Figures of the week: Job creation in Africa

Tourists are seen by the poolside of the Mara Serena Safari Lodge, within the Masai Mara game reserve, southwest of Nairobi, Kenya, July 28, 2009. Picture taken July 28, 2009. REUTERS/Thomas Mukoya     TPX IMAGES OF THE DAY - RC1B60ECDBC0

On January 11, the Africa Growth Initiative at Brookings released its annual Foresight Africa publication. This year’s report focuses on six key priorities for the region in 2019. The third chapter, Harnessing Africa’s Youth Dividend: A new approach for large-scale job creation, examines Africa’s demographic dividend and the urgent need to create good jobs for youth entering the labor force.

As Figure 3.2 below shows, sub-Saharan Africa’s working-age population is growing rapidly and will continue to through 2050. On average, the region’s workforce will grow by 14 percent every five years, with the growth rate slowing down closer to 2050. In comparison, Europe’s workforce is already shrinking and is expected to continue to do so through 2050. Asia’s workforce will keep growing over the next two decades, although at much slower rates after 2030, and will start shrinking from 2045 onward. Similar dynamics are observed in Latin America and the Caribbean where workforce growth will turn negative after 2045.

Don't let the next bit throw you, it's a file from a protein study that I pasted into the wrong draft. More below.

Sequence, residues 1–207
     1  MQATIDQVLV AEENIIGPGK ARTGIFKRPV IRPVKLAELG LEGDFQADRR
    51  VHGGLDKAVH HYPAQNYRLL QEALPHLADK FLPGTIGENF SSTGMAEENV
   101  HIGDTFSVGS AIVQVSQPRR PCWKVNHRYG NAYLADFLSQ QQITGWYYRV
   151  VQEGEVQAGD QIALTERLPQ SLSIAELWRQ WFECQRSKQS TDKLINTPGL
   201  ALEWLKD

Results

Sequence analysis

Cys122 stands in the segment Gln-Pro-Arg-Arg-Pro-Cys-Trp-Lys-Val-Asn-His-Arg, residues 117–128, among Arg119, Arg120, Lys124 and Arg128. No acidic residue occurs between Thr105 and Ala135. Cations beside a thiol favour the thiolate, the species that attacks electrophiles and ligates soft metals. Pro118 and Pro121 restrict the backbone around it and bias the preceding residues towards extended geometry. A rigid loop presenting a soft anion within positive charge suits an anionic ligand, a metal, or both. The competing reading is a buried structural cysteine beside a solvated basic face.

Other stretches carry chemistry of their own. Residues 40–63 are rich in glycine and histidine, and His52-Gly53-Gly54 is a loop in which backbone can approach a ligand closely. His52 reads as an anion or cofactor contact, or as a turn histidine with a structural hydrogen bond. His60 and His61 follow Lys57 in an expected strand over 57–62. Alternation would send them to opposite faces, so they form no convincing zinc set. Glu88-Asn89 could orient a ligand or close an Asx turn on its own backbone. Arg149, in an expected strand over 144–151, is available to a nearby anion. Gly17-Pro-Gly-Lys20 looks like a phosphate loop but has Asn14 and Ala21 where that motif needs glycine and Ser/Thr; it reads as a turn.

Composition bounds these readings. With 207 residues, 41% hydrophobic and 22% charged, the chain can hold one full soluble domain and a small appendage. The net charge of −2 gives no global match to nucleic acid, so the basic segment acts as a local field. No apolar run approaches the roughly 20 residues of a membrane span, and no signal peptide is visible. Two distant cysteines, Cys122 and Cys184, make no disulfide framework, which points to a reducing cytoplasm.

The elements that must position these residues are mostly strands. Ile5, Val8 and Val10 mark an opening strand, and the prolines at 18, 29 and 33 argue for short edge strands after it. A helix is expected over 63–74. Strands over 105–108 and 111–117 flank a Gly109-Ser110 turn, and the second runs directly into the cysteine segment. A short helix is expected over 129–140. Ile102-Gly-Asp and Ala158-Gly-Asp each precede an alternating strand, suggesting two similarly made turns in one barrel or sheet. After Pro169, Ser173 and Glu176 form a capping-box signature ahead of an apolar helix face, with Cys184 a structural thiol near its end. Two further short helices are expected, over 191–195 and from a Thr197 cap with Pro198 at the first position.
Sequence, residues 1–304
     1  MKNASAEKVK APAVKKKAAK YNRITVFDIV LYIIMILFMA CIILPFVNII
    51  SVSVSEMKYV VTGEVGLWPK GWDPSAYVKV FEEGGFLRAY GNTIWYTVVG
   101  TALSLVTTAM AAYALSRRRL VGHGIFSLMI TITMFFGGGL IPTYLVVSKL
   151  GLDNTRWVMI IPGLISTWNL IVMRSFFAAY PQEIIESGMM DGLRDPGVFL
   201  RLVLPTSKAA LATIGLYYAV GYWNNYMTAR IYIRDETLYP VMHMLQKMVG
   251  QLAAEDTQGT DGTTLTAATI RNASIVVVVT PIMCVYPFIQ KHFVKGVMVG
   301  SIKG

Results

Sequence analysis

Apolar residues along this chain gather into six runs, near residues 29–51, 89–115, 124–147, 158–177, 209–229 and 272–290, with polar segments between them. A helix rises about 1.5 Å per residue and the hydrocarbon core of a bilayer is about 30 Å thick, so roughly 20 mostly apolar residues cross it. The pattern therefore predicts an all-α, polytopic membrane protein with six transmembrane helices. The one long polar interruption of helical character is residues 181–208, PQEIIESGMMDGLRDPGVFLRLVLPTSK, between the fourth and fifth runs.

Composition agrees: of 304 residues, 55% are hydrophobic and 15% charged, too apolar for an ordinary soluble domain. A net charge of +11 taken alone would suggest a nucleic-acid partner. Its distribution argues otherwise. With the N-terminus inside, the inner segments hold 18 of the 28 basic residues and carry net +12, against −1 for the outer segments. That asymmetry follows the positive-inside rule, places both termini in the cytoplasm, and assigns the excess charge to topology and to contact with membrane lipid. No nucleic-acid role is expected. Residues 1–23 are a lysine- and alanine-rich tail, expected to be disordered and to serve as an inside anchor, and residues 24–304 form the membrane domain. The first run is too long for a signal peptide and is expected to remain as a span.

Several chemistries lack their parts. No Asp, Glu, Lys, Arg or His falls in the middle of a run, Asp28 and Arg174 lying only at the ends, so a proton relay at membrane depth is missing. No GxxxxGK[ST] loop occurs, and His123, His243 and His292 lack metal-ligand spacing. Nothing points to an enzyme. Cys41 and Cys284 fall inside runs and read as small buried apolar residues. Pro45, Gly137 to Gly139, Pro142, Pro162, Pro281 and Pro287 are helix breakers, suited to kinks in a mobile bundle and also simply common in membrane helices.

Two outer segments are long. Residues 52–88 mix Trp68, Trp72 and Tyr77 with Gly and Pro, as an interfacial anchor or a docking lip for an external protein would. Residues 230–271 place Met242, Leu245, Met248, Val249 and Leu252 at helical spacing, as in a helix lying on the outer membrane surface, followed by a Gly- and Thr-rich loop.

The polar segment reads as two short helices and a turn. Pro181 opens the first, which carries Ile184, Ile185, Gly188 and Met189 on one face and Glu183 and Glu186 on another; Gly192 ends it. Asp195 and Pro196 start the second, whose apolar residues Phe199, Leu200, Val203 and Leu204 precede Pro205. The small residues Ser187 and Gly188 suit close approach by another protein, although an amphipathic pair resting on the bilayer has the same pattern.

Figure 3.2 Global workforce growth projections

In his essay, John Page, senior fellow at Brookings discusses the challenges of creating jobs for Africa’s growing labor force. Manufacturing, traditionally associated with structural change in developing countries, has played a limited role in Africa’s development. Manufacturing’s share of GDP is lower today than in the 1980s and only accounts for 4-5 percent of employment. He notes that other nontraditional sectors such as tourism, agri-businesses, and some services based in information and communications technology show potential for large-scale job creation. These “industries without smokestacks” exhibit strong productivity growth, high labor intensity, and economies of scale similar to manufacturing in Africa. As Figure 3.1 shows, average employment elasticity of growth for tourism is the same as that for manufacturing and higher than the aggregate economy for a group of African countries, highlighting the sector’s potential to create some of the millions of jobs needed in Africa each year.

Figure 3.1 Employment potential of tourism